If you head an outfit, try calling yourself up once in a while. You may be surprised by the defenses you have built for yourself and your managers. The young women attending to incoming calls in your office may need to be counseled at frequent intervals.
When asked to mediate between two colleagues of yours, seek the areas of agreement first. Take clear sides with one, so the responsibility to win rests squarely on the winner, without losing the cooperation of the loser.
When involved in a warring situation, learn to bow out and lose gracefully, if need be. The apparent winner would dread you while your superior could end up appreciating you.
This is a malaise every workplace is stricken with. You may have a set of intelligent, obedient and relevant people working for you. But it is quite likely that half of them would have fallen into the trap of complacency. They would have become critical of the company/department, would be working in a comfort zone, and would be displaying a singular lack of initiative. They would no longer have the shine in their eyes, and would surely not be operating on all four cylinders.
Your HR honchos would be neglecting this lot at the company’s long term peril. An anti-dote package could comprise a sustained program of employee engagement, elaborate mentorship, job rotation, sponsorships for advanced educational courses (either on-line or in the distance mode), recreational breaks and by simply spicing up their work life.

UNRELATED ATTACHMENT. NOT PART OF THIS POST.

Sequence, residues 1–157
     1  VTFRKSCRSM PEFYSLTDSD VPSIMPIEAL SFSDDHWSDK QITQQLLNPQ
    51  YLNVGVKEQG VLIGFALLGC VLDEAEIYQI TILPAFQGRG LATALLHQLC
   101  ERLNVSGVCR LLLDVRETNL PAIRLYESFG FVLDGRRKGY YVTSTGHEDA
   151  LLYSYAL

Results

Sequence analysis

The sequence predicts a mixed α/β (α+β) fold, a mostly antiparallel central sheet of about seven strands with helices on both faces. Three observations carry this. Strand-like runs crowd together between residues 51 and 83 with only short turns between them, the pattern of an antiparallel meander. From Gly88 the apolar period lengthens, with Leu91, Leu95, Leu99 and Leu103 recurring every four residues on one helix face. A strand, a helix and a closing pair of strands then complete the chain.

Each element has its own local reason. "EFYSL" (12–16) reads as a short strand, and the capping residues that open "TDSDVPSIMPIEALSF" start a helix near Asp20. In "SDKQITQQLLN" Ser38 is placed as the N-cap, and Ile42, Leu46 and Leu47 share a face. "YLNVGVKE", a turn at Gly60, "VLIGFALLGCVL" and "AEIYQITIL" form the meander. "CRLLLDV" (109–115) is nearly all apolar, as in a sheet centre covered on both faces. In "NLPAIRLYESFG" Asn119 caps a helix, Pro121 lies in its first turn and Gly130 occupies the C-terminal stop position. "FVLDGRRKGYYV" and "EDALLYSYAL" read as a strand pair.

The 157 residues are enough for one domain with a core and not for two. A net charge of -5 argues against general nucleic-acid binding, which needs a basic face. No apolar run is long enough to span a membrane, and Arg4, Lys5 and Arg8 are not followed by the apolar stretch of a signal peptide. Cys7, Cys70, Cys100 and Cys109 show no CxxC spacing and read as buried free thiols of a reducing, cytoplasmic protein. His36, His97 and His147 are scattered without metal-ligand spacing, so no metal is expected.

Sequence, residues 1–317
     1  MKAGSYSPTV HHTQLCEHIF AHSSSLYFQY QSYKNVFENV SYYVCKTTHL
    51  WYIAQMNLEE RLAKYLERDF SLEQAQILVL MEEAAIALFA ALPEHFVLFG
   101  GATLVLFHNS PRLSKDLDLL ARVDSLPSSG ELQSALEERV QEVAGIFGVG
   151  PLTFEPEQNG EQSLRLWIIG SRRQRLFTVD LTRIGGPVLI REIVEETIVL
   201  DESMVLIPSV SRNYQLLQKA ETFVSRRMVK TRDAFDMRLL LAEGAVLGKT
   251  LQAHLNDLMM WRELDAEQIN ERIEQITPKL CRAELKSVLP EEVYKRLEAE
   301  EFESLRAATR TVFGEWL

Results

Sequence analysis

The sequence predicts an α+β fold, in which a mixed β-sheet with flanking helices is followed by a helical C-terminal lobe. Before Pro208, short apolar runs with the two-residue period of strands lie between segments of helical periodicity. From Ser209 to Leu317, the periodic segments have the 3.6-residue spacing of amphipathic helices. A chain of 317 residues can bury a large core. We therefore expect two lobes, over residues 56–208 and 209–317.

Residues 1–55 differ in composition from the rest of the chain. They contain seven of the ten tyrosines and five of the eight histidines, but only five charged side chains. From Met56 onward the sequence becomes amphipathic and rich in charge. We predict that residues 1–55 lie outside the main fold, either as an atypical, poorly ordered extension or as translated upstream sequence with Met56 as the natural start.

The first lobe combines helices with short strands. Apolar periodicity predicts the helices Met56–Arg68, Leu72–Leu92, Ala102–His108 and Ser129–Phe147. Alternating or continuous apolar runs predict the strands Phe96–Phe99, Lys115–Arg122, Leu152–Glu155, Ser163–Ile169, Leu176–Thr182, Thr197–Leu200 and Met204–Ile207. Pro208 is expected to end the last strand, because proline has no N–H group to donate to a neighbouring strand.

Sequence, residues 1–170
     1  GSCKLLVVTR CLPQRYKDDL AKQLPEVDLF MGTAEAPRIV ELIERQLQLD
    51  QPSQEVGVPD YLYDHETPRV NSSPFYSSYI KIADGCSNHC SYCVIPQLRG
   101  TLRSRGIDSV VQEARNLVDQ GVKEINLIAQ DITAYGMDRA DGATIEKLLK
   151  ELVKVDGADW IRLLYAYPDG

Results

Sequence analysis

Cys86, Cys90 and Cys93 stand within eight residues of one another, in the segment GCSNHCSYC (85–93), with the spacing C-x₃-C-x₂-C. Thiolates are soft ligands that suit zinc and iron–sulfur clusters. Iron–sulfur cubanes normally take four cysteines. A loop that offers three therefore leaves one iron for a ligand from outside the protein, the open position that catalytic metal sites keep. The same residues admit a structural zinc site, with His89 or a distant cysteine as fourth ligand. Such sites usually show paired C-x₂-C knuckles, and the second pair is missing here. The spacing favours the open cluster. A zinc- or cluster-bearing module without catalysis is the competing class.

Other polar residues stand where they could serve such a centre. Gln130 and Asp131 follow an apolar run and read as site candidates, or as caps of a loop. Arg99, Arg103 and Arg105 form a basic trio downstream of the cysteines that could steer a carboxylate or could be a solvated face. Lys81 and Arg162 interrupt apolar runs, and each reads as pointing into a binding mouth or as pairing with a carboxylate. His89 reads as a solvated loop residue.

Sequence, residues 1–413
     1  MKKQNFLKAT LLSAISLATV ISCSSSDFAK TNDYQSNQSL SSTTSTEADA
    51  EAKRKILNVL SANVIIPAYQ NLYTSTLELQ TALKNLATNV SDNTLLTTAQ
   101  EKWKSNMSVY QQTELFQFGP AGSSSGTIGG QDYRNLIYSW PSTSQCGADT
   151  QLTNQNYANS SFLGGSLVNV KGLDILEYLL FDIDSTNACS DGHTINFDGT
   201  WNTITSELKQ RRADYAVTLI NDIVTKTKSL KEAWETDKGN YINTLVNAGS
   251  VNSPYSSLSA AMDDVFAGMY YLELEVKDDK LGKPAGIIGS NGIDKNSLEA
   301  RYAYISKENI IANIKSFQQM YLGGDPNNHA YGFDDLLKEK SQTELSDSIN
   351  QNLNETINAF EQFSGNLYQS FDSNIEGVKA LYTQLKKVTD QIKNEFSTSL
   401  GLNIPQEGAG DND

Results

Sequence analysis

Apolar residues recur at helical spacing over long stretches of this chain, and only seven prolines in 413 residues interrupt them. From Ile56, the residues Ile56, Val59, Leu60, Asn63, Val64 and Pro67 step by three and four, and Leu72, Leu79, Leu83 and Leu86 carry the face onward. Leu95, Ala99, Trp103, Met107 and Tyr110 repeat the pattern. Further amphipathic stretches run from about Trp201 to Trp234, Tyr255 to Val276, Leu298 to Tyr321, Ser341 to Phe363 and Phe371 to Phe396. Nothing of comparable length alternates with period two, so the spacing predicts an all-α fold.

At the individual level, keep watching for signs of falling into the trap of complacency. Analyze, introspect and then speak to your seniors the moment you notice the zeal gone. Or, become a rolling stone and gather no moss!
Executives fighting their bosses when they feel the top dog is wrong is a good sign. Executives fighting between themselves in the boss’ presence is also the sure sign of a healthy work culture. Seniors airing their difference of opinion or berating their colleagues is an unhealthy sign.
Hire only a specialist, preferably a loner, to solve a specific well-defined problem for which an internal solution is not being found.
To win over internal dissent in the short run, it might help to hire a consultant who, being a rank outsider, might have a better acceptability and credibility with your own team.
Joined a company which strongly believes in creative accounting practices? Stick around there only at your own risk and peril. If it is a closely held outfit, the management may just manage to swing it for some time. If it is in the public domain, investors will eventually lose trust. If that happens, your pink slip can not to be too far behind.
The art of creative dissatisfaction keeps you expanding your frontiers of knowledge and thereby casting your influence net wider. Keep at it – you would never regret it in your career.